Wednesday, December 20, 2006

What is the plague, anyway?

Well, it's a disease. A really, really bad disease, caused by fleas vomiting infected blood into open wounds. Gross, no?

Plague can take many forms:
  • Bubonic plague occurs when Yersinia pestis (a bacterium) causes an inflammation of the lymph nodes, making them tender and swollen. This is the most common form of plague. Bubonic plague becomes evident three to seven days after the infection. Initial symptoms are chills, fever, diarrhea, headaches, and the swelling of the infected lymph nodes, as the bacteria replicate there. If untreated, the rate of mortality for bubonic plague is 50%.

  • Cellulocutaneous plague is a very unusual form, with Yersinia pestis causing a skin infection.

  • Pneumonic plague or pulmonic plague occurs when the lungs are infected by Yersinia pestis. It is the second most common form of plague. It may be a secondary infection, caused by bacteria spreading from the lymph nodes and reaching the lungs, but can also exist on its own, caused by inhalation of airborne bacteria. With this infection comes the possibility of person-to-person transmission through respiratory droplets. The incubation period for pneumonic plague is usually between two and four days, but can be as little as a few hours. The initial symptoms, of headache, weakness, and coughing with hemoptysis, are indistinguishable from other respiratory illnesses. Without diagnosis and treatment, the infection can be fatal in one to six days; mortality in untreated cases may be as high as 95%.

  • Meningeal plague or plague meningitis looks like meningitis at the outset. It is most common in children and is usually the end result of ineffective treatment for other forms of plague. It is highly unusual.

  • Pharyngeal plague occurs when Yersinia pestis is consumed, often through food. It can resemble tonsillitis. It is a very rare form of the plague.

  • Septicemic plague occurs when Yersinia pestis multiply in the blood. It is the third most common form of plague. It is usually associated with hunting and skinning of animals, but can also occur secondary to bubonic and pneumonic plague. This type of plague is characterized by bleeding into the skin and other organs, which creates black patches on the skin. There are bite-like bumps on the skin, commonly red and sometimes white in the center. Untreated septicemic plague is universally fatal, but early treatment with antibiotics reduces the mortality rate to 4 to 15%. People who die from this form of plague often die on the same day symptoms first appear.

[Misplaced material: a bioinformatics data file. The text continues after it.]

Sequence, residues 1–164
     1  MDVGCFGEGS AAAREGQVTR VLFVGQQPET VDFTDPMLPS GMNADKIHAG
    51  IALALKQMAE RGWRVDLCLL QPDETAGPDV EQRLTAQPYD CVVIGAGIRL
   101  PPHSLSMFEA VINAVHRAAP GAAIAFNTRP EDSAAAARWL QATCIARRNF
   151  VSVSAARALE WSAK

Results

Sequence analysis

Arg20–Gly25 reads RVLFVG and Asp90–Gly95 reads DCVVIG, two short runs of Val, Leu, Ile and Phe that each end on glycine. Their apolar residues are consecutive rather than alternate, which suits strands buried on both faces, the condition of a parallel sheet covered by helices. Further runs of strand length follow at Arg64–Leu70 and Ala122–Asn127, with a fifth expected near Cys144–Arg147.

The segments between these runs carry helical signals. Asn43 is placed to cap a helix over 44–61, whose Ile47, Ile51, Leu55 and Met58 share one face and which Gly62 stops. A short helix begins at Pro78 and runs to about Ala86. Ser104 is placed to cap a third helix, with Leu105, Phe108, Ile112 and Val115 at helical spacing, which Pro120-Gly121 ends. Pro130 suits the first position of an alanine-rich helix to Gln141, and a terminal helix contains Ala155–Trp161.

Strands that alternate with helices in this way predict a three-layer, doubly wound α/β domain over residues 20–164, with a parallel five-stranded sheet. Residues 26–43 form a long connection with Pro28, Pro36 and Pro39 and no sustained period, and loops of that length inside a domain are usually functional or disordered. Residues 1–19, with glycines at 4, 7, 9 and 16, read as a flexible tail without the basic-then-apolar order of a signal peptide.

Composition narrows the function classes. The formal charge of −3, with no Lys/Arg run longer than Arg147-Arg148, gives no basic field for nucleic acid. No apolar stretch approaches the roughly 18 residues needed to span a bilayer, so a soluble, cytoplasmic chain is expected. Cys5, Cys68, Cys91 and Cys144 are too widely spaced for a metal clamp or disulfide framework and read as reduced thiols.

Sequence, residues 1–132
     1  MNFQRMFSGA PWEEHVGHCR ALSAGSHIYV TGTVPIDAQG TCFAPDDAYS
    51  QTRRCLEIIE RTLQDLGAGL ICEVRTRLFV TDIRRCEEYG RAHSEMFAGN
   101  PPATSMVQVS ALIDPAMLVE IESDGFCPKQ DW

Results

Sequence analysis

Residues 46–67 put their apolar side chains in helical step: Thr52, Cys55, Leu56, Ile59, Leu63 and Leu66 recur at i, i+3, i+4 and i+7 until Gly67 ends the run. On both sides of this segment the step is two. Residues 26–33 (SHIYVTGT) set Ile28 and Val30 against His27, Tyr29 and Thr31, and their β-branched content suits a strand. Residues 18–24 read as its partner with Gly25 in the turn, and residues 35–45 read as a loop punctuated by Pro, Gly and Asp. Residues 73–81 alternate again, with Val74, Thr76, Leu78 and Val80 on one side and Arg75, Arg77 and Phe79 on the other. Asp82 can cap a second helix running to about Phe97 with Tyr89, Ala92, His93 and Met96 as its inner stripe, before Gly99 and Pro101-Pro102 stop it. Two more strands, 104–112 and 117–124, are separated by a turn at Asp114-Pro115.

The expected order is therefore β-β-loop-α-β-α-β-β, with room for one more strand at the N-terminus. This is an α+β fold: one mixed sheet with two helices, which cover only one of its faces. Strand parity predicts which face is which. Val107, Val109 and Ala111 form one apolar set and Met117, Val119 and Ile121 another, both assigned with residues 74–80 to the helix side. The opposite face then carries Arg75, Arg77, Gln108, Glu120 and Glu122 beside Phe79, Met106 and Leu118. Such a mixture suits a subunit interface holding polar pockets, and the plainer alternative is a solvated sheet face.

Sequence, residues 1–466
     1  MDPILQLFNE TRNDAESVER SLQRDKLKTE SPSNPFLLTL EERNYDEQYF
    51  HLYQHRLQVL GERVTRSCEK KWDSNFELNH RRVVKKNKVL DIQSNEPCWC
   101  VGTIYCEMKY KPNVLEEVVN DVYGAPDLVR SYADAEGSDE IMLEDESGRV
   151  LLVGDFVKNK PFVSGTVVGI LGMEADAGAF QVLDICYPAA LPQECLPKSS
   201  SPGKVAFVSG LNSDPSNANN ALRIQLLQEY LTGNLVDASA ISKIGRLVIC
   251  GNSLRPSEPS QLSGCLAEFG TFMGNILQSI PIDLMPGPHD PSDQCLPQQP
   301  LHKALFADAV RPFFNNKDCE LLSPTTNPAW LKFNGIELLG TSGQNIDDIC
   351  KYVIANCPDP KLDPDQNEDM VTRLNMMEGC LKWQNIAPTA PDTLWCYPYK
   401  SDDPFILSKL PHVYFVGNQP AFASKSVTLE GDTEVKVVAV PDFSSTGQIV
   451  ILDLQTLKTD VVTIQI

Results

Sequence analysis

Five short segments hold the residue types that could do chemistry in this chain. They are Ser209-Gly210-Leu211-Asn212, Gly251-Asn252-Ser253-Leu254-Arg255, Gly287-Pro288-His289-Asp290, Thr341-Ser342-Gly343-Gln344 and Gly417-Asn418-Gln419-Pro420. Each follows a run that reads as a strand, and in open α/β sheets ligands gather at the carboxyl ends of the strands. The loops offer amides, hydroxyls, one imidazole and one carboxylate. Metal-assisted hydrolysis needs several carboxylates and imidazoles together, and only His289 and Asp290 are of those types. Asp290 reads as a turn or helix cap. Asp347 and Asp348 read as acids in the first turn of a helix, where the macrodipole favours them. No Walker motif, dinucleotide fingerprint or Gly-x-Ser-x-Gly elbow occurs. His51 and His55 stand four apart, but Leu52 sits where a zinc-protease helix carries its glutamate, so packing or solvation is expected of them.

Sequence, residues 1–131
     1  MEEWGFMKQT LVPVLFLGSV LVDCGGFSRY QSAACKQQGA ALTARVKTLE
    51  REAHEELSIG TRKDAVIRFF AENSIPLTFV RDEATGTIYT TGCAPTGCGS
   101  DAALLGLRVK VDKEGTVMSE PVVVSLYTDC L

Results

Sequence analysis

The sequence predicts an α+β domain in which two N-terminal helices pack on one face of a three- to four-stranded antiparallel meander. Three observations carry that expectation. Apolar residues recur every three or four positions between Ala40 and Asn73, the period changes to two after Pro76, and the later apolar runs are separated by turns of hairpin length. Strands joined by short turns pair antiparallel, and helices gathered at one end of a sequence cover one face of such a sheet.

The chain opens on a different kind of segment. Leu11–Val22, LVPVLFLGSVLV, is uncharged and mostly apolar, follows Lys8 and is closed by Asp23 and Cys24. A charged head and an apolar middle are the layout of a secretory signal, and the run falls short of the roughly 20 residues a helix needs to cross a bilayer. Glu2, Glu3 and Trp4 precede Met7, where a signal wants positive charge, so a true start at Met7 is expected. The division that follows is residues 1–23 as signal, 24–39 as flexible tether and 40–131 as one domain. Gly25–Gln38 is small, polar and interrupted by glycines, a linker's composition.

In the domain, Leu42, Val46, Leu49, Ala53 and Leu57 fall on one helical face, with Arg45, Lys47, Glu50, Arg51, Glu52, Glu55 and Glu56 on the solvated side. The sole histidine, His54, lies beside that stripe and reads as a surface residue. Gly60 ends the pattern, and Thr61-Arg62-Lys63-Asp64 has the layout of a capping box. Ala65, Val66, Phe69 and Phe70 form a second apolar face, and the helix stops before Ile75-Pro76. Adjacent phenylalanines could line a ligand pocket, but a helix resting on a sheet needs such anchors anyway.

• Other forms of plague (Aliae formae pestis) include the milder forms abortive plague, asymptomatic plague and pestis minor, all three often resulting only in a mild fever and light swelling of the lymph glands, usually resolved in approximately a week if appropriate treatment is given.

Plague is primarily a disease of rodents. Infection most often occurs when a person is bitten by a rat or flea that has fed on an infected rodent. The bacteria multiply inside the flea, sticking together to form a plug that blocks its stomach and causes it to become very hungry. The flea then voraciously bites a host and continues to feed, even though it is unable to satisfy its hunger. During the feeding process, blood cannot flow into the blocked stomach, and consequently the flea vomits blood tainted with the bacteria back into the bite wound. The Bubonic plague bacterium then infects a new host, and the flea eventually dies from starvation. Any serious outbreak of plague is usually started by other disease outbreaks in rodents, or some other crash in the rodent population. During these outbreaks, infected fleas that have lost their normal hosts seek other sources of blood.

Sources: Wikipedia, Manual of Common Diseases and Parasites of Wildlife in Northern British Columbia

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